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Learn to ski jump. It's not as mad as you might think

Ski jumping for beginners. Ski JUMPING? For BEGINNERS? Surely we have gone mad here at SimplyPiste. But no! Ski jumping really isn’t that difficult to learn and you certainly do not need to be an adrenaline-pumping skiing expert to give this snowsports activity a go.

What equipment do you need for ski jumping?

[caption id="attachment_1154" align="alignleft" width="244" caption="Fancy learning to ski jump?"][/caption] Essentially the kit you use for downhill skiing – your boots, skis, poles, ski jacket and pants – will do the job. If you don’t already wear a helmet then this is one skiing discipline that definitely needs more head protection than a woolly hat. But, of course, you can also buy the perfect kit made for ski jumping, too. Ski jumping skis are generally longer and wider and made to exactly suit the sport. Then there are the ski jump body suits that are made to reduce the drag. You’ll have seen these neat fitting outfits on the Olympic skiers! But, before you get carried away, our advice would be that on your first few ski jumping lessons you make use of your downhill ski kit and your normal ski clothing and see how you like the ski jumping.

Putting ski jumping in perspective

Olympic jumps measure 90 to 120 metres. Beginner ski jumps measure less than 20 metres! But standing at the top of only a 10m or perhaps an 18m jump for your first time can still seem pretty daunting. Eighteen metres is 76ft. Add to this the 31mph launch speed and you might well do a neat ski turn away from the jump.

But before you ski away from your first ski jump

Lessons are the way to go. Check out you local dry ski slope, a snowdome or the options while on a ski holiday. Here’s how most lessons proceed: * The first skill to learn before you even click into your bindings is the position. It’s a familiar one: Bend at the knees and waist, press the shoulders down, keep the head up, the torso parallel to the ground and extend the arms straight backward. Think “ski jumpers on the TV”. Then think: “This is the position I need to hold when I fly through the air!” Hmmmmm, not just yet! * Now for the ski “bumps”. A bump is a small jump. This is where you practise getting up speed, reaching the top of the bump, springing up on your knees and leaning forward. * Now for the speed. This is when new ski jumpers learn to go with the speed straight downhill and without stopping... until the end of the slope… Then you’ll definitely want to stop. There’s no jump, just an acceptance that you’ll be going fast. [caption id="attachment_1153" align="alignleft" width="285" caption="Make like a ski jumping pro! Eventually..."][/caption] * Next up will be a small ski jump, of around 10m. This might seem daunting but a ski jump on this will only take the ski a metre or slightly more into the air. You’ll feel some sensation of soaring but then you land. * And once the 10m jump is mastered it’s the 18m jump. Learning to ski jump is about progression and confidence. Although it may look dangerous with practice and lessons the sport is relatively safe. Apparently! Oh, go on. You know you want to squeeze into one of those tight fitting ski jumping suits. Don’t you?!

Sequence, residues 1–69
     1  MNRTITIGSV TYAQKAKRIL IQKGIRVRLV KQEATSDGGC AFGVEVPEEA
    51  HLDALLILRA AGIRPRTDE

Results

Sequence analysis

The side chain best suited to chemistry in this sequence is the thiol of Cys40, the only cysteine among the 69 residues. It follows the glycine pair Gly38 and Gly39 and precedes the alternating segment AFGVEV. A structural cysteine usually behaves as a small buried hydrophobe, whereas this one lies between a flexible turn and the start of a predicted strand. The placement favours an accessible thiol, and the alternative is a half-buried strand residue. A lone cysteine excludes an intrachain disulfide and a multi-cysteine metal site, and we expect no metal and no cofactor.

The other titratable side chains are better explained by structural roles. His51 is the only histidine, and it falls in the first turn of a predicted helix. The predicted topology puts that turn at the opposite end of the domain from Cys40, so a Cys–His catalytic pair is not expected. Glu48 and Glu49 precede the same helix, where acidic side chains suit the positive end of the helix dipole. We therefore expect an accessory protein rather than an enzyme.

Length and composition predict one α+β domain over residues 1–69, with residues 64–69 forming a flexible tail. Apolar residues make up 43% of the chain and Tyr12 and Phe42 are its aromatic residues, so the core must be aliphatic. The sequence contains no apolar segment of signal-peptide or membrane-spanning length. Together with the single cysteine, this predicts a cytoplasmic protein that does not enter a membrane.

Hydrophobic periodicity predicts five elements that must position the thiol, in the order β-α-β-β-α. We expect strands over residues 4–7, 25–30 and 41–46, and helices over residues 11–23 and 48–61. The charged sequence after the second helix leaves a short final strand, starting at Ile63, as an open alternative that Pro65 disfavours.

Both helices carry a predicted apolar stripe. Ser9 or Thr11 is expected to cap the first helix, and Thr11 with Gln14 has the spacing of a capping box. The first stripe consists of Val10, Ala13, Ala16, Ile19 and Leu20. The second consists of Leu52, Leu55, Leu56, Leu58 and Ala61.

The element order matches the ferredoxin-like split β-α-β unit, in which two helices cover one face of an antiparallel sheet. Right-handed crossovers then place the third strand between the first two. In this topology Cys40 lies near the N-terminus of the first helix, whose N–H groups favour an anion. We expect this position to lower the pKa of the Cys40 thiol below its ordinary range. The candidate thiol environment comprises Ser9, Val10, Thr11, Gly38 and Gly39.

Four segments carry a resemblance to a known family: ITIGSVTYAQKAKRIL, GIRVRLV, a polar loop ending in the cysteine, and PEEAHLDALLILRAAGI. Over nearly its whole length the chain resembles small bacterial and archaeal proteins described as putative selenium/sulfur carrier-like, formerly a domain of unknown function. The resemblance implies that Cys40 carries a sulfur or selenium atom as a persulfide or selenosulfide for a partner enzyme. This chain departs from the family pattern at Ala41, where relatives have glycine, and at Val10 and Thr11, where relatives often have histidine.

2 comments

  • I need to know how to ski jump for a school project.I need to know the steps to ski jump.like first you have to______________than you have to ___________________.last you have to____________________________________
    -Morgan fee

    Morgan
  • Would it be possible to book a ski jump lesson please? Which companies would do this? I’ll be in Morzine the week before christmas 2011. Thanks!

    Jen

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